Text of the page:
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Lee's Roman Numeral Converter
by Lee K. Seitz

Frequently Asked Questions

What do the letters stand for?

Why doesn't 1999 = MIM (or 99 = IC or 999 = IM or ... )?

How do Roman numerals work?

Can you send me the source code?

Why is there a limit of 3999?

Q: What do the letters stand for?
I = 1, V = 5, X = 10, L = 50, C = 100, D = 500, M = 1000.

Q: Why doesn't 1999 = MIM (or 99 = IC or 999 = IM or ... )?
The rules for Roman numerals as I learned them include:

You can only subtract a power of ten from any Roman numeral.

You can only subtract from the next two higher "digits."

That is, you can only subtract I from V and X. You can only subtract X from L and C. And you can only subtract C from D and M. Or, in other words, subtraction is only done for (4 x 10n) and (9 x 10n). (That is, 4, 40, 400, 9, 90, and 900.)

Or, to put it a completely different way: When converting to Roman numerals, convert each digit separately. So for 999, convert 900, 90, and 9 to give CM, XC, and IX (CMXCIX). Note that the Romans themselves didn't necessarily follow these rules, but as with everything else in Western society, we created more rules for it as time passed.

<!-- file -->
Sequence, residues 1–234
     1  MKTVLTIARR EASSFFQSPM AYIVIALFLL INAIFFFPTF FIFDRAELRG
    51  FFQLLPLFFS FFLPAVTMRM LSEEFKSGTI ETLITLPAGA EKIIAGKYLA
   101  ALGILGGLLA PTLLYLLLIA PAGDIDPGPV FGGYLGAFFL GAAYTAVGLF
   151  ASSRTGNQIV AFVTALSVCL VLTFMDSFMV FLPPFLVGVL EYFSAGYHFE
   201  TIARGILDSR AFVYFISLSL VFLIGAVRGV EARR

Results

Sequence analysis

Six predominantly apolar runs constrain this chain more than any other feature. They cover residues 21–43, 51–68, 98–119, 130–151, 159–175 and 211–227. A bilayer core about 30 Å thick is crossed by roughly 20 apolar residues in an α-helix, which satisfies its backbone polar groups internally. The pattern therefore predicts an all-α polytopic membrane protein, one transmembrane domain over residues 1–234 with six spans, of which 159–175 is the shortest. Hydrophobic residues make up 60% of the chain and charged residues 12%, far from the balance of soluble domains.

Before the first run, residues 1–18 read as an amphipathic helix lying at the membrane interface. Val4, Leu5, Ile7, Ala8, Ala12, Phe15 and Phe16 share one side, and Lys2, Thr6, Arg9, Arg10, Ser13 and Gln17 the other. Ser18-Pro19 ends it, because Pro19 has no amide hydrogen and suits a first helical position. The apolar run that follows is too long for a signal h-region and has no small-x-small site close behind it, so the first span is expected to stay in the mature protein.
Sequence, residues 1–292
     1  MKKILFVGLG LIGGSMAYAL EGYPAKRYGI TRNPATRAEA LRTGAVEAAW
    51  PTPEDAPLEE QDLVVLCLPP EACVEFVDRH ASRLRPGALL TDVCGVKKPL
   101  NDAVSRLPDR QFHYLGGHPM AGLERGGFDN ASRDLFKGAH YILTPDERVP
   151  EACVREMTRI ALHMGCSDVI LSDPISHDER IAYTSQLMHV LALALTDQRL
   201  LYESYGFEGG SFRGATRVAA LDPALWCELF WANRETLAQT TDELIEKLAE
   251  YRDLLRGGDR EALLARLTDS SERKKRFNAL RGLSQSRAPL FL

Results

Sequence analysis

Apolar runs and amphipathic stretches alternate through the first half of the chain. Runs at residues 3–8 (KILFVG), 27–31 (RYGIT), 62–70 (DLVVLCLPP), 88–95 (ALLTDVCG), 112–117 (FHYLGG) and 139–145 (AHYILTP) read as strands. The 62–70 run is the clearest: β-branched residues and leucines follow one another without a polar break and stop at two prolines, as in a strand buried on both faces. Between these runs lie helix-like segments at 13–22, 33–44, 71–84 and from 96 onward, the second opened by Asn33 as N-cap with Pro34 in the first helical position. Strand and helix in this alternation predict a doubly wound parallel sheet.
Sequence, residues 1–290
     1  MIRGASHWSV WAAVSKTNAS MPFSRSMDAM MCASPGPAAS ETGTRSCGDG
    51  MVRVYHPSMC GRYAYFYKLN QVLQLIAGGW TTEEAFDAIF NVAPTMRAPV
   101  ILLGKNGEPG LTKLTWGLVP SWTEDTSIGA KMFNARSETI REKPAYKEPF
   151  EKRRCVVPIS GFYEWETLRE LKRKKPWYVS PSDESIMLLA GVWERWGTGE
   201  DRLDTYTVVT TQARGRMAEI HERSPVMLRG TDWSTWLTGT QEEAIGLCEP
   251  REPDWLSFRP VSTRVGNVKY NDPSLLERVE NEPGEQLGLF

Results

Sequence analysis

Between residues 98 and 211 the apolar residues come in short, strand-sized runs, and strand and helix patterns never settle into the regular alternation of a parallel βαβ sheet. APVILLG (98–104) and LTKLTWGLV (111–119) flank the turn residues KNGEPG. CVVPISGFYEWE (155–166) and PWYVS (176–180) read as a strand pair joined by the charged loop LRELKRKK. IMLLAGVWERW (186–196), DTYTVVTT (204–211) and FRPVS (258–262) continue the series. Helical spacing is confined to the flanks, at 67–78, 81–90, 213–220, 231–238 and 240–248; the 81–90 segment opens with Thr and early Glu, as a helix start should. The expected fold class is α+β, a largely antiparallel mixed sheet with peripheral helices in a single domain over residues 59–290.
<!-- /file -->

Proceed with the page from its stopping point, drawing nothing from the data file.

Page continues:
Q: How do Roman numerals work?
That is a section unto itself.

Q: Can you send me the source code?
It seems writing an Arabic to Roman numeral converter is a fairly common assignment in beginning programming classes. I'm a firm believer in students doing their own work, so I will not give the source to anyone. But I have written a rather vague explanation of how the code works.

Q: Why is there a limit of 3999?
The highest "digit" available is M. Writing 4000 in Roman numerals would require subtracting 1000 (M) from 5000. There actually is a Roman numeral for 5000; it's V with a bar over it. Unfortunately, doing this notation in HTML is difficult at best, so I've simply limited the converter to 3999.


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